Pyongyang’s first missile test during Donald Trump’s presidency came even sooner. On his 23rd day in office, as he and Japanese Prime Minister Shinzo Abe sat down for dinner on the terrace of the US President’s opulent Florida club, Mar-a-Lago, North Korean leader Kim Jong Un oversaw the successful test launch of a solid-fueled ballistic missile. When it comes to divining North Korea’s intentions, some words of wisdom variously attributed to both Mark Twain and New York Yankee’s legend Yogi Berra ring particularly true: Predictions are hard, especially about the future.This is, after all, North Korea, one of the world’s most isolated societies and secretive governments. But we do know that Pyongyang closely studies the machinations in Washington. And, as they proved during the early days of the Trump and Obama presidencies, Kim and his advisers know how to grab America’s attention — and they may choose to do so after taking the backseat to the US election, protests over racial injustice and a global pandemic.A Biden administration, or Trump during a second term, could be forced to deal with Pyongyang sooner than they’d like.Trump’s tenureDisarming North Korea remains one of the United States’ most intractable foreign policy issues. Since 2006, Pyongyang has successfully tested six nuclear devices and three intercontinental ballistic missiles (ICBMs), weapons Kim says are meant to deter foreign aggression and ensure the continuity of the regime that he leads with an iron fist.The country’s dogged pursuit of these armaments, however, has come at a tremendous cost. Sanctions punishing Pyongyang for its nuclear program essentially bar North Korea — one of the world’s poorest countries — from trading with the outside world. That means there are few opportunities for North Korea to improve its economy and increase the livelihood of its people, a key promise Kim has made to his people.The US hoped that sanctions would cripple North Korea and force Kim to negotiate. And President Trump had hoped that by becoming the first sitting president to sit face-to-face with a North Korean leader, he could engineer some sort of breakthrough. But despite these one-on-ones, negotiations have been at an impasse since the two leaders’ second summit in 2019 in Hanoi. Trump wanted some sort of “big deal” that would see North Korea give up its nuclear program for immediate sanctions relief, but Kim was only prepared to shut down Yongbyon, the biggest and best-known facility in North Korea that produced fissile material for nuclear weapons, in exchange for sanctions relief, according to Trump’s former national security adviser, John Bolton. That wasn’t enough for Trump, so he walked. “There were opportunities potentially having a direct engagement between the leaders but, as things showed, it wasn’t a silver bullet to resolve the issues,” said Markus Garlauskas, a former national intelligence officer for North Korea on the US’ National Intelligence Council. Hanoi, Garlauskas said, proved that it wasn’t a lack of communication or leader-to-leader contact that had prevented a breakthrough.The “fundamental obstacle,” he said, is “Kim’s lack of interest in giving up those nuclear weapons, and his willingness to sustain very high cost to keep them.” Communicate early, communicate oftenTo date, the Trump administration has sold its North Korea policy as a win. That’s because since November 2017, Kim has not tested any nuclear weapons or long-range missiles — the weapons designed to deliver a nuclear warhead to the United States homeland. During their first summit, Trump and Kim struck what appeared to be a tacit agreement that, as long as talks were going on, North Korea would not test ICBMs or nuclear bombs. Trump, in turn, scaled down the number of military drills the US conducts with South Korea. These exercises are meant to keep troops ready in case of conflict, but North Korea sees them as hostile and will often claim they are practice for an invasion. The accord, however, did not apply to shorter-range missiles that could be used to target US troops or allies in the region, which North Korea has continued to test. And Pyongyang made no commitment to stop developing or enhancing its weaponry in ways short of testing them. On October 10, North Korea rolled out what is believed to be one of the world’s biggest ICBMs at a military parade on a significant anniversary in Pyongyang. Weapons experts said it appeared the gigantic missile was designed to carry multiple warheads to penetrate missile defense systems — proving that North Korea’s commitment to stop testing ICBMs didn’t mean it wasn’t going to stop working on them. If North Korea was to consider this new missile viable, it would need to conduct a test launch. Though Kim pledged not to test ICBMs during US negotiations, he said in a speech last year that he no longer felt duty-bound to comply with the promise. He has blamed the US for the diplomatic impasse and says it has been “deceived by the US,” wasting 18 months on talks.Now, some experts worry that testing the new mammoth ICBM could be a possible next step to get attention after the election.”I would not be surprised at all to see the North Koreans take some kind of a step in the ballistic missile testing arena or in the nuclear testing arena, particularly if Biden wins the election,” said Evans Revere, a former assistant secretary of state for East Asia and the Pacific. “I think the North Koreans are going to want to have him start out on the back foot to the extent possible. And one way to do that would be what they did with President Obama.” Biden’s biggest challenge, experts say, could come during the presidential transition. His campaign website has just one vague sentence on North Korea policy, so it’s likely Biden and his aides would need to quickly identify a strategy to get North Korea to move toward denuclearization, and to find the right people to implement that strategy.Joseph Yun, who served as a State Department special representative for North Korea under Obama and Trump, said it would be crucial for Biden to get in touch with the North Koreans and lay out his red lines as quickly as he can, so the North Koreans do not try to discover them on their own.”It’s very important that in the beginning to get off on the right foot,” Yun said. “You might want to send a message to North Korea, saying things like, We want to talk, we are prepared to talk, but for now, give us time and please don’t do any tests.” But each candidate has unique advantages and disadvantages. Trump’s relationship with Kim might help continue to keep the temperature down on the Korean Peninsula, but his commitment to total denuclearization up-front remains unrealistic. Biden has been critical of Trump’s relationship with Kim, whom he called a “thug” at the final presidential debate Thursday. Still, the former vice president has a chance to reset things. He does not need to demand full denuclearization immediately — though he will surely know the failed history of previous incremental deals. Biden will also have to convince Japan and South Korea that Trump’s transactional approach to alliances was a one-off and assure them that Washington is committed to their defense, regardless of cost. But the reality is that Biden and Trump face the same challenge when it comes to Kim: How do you get North Korea to stop developing nuclear weapons and ballistic missiles and, eventually, give up arms it sees as vital to deterring adversaries?So far, neither appears to have the answer.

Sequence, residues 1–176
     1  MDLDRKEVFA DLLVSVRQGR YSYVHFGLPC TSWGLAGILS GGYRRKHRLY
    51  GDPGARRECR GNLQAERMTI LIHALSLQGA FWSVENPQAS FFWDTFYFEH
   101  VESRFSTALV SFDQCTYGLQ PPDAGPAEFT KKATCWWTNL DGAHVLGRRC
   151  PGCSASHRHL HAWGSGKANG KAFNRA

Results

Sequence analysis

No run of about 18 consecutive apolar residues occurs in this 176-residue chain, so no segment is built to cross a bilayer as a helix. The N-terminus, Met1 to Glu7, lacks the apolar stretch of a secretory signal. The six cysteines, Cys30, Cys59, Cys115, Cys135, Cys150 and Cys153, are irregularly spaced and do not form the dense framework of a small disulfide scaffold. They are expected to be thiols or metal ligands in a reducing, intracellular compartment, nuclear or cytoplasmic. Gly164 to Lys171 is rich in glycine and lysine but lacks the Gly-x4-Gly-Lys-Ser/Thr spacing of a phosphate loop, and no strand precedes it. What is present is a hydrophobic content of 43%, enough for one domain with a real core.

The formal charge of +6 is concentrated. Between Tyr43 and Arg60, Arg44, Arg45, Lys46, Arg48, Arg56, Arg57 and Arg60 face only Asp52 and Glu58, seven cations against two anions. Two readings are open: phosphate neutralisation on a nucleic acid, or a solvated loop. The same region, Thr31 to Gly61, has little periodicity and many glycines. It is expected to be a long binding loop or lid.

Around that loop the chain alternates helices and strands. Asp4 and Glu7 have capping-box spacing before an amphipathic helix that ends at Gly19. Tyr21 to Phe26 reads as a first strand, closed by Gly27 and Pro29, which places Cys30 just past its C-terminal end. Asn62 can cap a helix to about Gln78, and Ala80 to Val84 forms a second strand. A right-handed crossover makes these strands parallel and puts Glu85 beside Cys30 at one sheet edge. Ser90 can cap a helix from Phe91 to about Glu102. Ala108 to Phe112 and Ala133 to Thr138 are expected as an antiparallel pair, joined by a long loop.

Why the image of first lady is judged so harshly